Pros: Nice-looking, variable pressure.
Cons: Need two hands to set & remove.


Model: Perfomance

This is the Cadillac of capos. Almost as easy to set and remove as the Kyser, but much simpler, sleeker, and more discreet. The best thing about it, though, is the mechanical design, which allows for variable pressure that clamps down just as your fingers would. In simple terms, what this means is that this capo will never knock your guitar out of tune when you set it on the neck.

Super nice! Pricy, though.

Pros: Excellent design, variable pressure.
Cons: Pricy (but worth it)

*G7th makes three different models of capo: PerformanceNewport, and Nashville. I haven't listed the other two here because I've never tried them myself - but I'm really curious about them, so don't be surprised if you see them up here soon.


Everly Star Picks

Model: 12 Pack

These picks sound nice and feel good in my hands.
They're color-coded by thickness (most beginners
prefer thin pics) and that little pointy-edged hole
in the middle really does help keep them from
slipping about while you're playing.

I'm partial to the yellow and orange ones, myself.
They're plenty soft when I need to play delicately,
yet still strong and punchy when I want to hit it hard.

Pros: Cheap, easy to find at most Bay Area shops.
Cons: You might not like 'em. Pics are personal.

*The prices above reflect the range currently available
on Amazon. Take care when ordering pics online and
be sure you're buying what you think you're buying.



Martin 92/8 Strings

Model: Phosphor Bronze - Light/Medium

I find these to be great strings for beginning players. They represent a fair compromise between heavier strings, which almost always sound better to my ears, and lighter strings, which are always easier on the fingers of new players.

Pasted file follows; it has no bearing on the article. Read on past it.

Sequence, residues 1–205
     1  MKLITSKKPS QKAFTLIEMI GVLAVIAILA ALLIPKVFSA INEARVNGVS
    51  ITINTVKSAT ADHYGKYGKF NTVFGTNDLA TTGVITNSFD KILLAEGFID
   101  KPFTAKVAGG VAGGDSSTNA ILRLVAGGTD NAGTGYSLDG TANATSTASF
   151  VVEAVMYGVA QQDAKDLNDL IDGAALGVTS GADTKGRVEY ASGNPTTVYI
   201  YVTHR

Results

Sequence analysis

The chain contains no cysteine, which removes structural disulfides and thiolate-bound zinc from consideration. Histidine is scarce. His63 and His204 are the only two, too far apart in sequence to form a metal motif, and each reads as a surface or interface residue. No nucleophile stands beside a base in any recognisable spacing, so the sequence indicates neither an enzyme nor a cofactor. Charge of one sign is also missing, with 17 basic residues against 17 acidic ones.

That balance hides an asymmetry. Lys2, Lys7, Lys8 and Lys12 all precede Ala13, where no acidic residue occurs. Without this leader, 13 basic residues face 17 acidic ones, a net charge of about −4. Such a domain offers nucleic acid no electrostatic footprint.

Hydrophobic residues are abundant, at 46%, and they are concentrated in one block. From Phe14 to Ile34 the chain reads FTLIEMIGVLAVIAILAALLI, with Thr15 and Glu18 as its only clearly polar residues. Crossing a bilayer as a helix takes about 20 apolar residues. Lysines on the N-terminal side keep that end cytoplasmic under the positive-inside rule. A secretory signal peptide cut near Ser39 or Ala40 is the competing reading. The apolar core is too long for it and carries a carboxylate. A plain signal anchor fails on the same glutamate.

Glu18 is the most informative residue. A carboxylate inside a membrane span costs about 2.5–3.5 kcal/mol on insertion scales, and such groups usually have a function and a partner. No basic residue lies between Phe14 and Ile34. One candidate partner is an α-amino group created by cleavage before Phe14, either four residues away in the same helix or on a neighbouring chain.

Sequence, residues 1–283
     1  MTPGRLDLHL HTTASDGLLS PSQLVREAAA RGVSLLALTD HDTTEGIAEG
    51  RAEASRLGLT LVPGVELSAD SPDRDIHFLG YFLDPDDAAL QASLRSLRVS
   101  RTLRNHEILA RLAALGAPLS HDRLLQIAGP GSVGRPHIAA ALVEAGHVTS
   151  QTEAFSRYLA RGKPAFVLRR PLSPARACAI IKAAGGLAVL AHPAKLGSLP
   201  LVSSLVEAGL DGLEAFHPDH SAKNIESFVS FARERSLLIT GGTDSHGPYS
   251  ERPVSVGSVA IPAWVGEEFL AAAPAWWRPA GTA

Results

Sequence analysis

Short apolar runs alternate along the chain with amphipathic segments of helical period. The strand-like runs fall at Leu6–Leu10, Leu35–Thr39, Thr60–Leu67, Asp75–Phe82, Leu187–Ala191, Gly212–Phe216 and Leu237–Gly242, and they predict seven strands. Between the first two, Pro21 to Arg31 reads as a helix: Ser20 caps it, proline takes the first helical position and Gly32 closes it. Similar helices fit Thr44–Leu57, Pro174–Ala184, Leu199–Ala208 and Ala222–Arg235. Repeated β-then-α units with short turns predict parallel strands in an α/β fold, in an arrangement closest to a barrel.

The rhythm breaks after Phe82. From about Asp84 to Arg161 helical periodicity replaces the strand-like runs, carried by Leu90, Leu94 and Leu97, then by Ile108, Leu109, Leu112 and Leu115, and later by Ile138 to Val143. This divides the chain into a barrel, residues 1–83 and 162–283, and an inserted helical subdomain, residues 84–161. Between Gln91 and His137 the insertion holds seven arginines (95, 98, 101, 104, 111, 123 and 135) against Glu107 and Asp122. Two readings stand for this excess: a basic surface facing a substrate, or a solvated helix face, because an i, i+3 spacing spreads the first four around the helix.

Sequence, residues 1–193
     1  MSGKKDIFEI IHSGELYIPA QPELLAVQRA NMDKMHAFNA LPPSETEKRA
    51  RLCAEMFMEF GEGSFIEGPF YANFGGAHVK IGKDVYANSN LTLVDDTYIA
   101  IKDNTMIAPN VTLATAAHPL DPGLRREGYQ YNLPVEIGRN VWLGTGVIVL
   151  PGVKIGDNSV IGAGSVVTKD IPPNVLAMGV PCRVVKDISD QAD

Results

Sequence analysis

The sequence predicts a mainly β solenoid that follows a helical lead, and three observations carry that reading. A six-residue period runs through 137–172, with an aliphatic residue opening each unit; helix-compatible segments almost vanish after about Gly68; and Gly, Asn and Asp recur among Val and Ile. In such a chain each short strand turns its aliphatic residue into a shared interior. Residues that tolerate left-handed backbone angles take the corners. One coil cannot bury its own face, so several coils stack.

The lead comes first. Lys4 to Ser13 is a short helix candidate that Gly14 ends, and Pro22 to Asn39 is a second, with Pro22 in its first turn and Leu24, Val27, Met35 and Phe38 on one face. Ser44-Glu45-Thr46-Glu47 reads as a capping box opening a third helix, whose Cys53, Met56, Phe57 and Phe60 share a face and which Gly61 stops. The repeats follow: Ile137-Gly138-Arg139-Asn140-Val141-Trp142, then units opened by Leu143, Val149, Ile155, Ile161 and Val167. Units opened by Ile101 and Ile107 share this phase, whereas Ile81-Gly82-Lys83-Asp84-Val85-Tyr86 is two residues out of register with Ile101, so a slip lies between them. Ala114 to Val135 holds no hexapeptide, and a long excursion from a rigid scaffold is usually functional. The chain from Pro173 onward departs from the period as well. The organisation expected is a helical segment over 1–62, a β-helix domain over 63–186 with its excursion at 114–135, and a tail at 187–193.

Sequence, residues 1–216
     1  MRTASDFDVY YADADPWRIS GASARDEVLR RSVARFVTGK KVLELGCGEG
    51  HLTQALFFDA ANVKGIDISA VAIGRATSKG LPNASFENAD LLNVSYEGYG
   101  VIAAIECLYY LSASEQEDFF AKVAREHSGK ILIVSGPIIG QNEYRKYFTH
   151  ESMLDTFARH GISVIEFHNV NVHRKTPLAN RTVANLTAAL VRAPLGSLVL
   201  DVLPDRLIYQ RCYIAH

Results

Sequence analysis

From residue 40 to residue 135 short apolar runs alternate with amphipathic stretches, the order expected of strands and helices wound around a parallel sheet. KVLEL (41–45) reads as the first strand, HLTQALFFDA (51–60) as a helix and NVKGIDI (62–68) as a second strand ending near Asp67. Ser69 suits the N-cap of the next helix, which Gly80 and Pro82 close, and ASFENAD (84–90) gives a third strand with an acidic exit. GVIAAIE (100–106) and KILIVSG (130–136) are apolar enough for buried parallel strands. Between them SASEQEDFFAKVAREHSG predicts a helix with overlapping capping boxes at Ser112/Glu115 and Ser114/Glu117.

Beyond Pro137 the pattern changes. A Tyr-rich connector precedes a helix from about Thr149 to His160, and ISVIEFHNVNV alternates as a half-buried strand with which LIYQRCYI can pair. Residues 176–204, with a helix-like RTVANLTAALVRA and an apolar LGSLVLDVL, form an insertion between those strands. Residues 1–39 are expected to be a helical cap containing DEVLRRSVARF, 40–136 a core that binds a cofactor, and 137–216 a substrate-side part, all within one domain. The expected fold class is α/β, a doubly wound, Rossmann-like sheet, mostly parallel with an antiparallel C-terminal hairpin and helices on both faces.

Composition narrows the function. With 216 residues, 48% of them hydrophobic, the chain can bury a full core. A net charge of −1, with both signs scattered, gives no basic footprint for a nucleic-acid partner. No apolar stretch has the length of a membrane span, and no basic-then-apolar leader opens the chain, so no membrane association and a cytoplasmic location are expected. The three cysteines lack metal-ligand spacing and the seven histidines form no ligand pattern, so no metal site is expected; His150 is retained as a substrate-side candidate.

These are the ones that I use on my student guitar:
an Epiphone AJ-220S in vintage sunburst.

Pros:  Nice-sounding, easier to play for new fingers.
Cons:  Not quite as full-sounding as mediums.

Martin 80/20 Strings

Model: Bronze - Medium

These are the strings that I use on my Martin.
I find their sound to be fuller, brighter, and more
balanced than the light-medium strings listed above.
It takes a bit more hand strength to play with
heavier guage strings, though, and so new
players often prefer to avoid them.

Don't be afraid to try a set of mediums, though;
your fingers will get used to the heavier guage
a lot quicker than you'd think.

Pros: A fuller and more balanced sound.
Cons:  A bit tough on the fingers for new players.

String Winders

Planet Waves Pro Winder

Model: DP0002

String winders can make changing your strings a breeze,
but only if they're well-designed. Cheaper ones are readily
available on nearly every music store counter. Skip those
cheapos and spend a few bucks more on this one.

It's a string winder, a peg puller, and a wire snipper:
everything you need to get the job done quickly.
Toss one into your case along with a pack of extra
strings and then forget about it. You won't often
need it, but you'll be glad it's there when you do.

Pros: Small, light, and easy to use.
Cons: Does having a stupid name count as a con?


Gator GL Hard Bag

Model: GL-DREAD-12

A good case protects your guitar from scratches
and dings, comes with pockets for things like picks
and strings so they're always there when you need them,
and makes taking your guitar out into the world much
safer and easier. Hardshell cases provide the most protection, but they can be heavy, expensive, and
awkward to carry. Gig bags are a lot lighter and cheaper,
but they're often ugly and their padding is poor at best.

Hard bags combine the best of both worlds: they're as light and easy to carry as a gig bag and offer protection almost equal to that of a hard case, but at a fraction of the price.

The shoulder straps on this one were cleverly designed.
They let the case ride much lower on your back than any other hardbag I've used, so you won't have to worry about walking through doorways or biking beneath low-hanging branches (awkward).

Pros: Light, sturdy, and easy to carry.
Cons: Plastic hardware on the straps.

Note: Guitars come in many shapes and sizes.
Check to see what size yours is before ordering.
The case I've linked above is for Dreadnaughts & 12-Strings.
For Classical guitars, click here.
For Jumbo models, click here.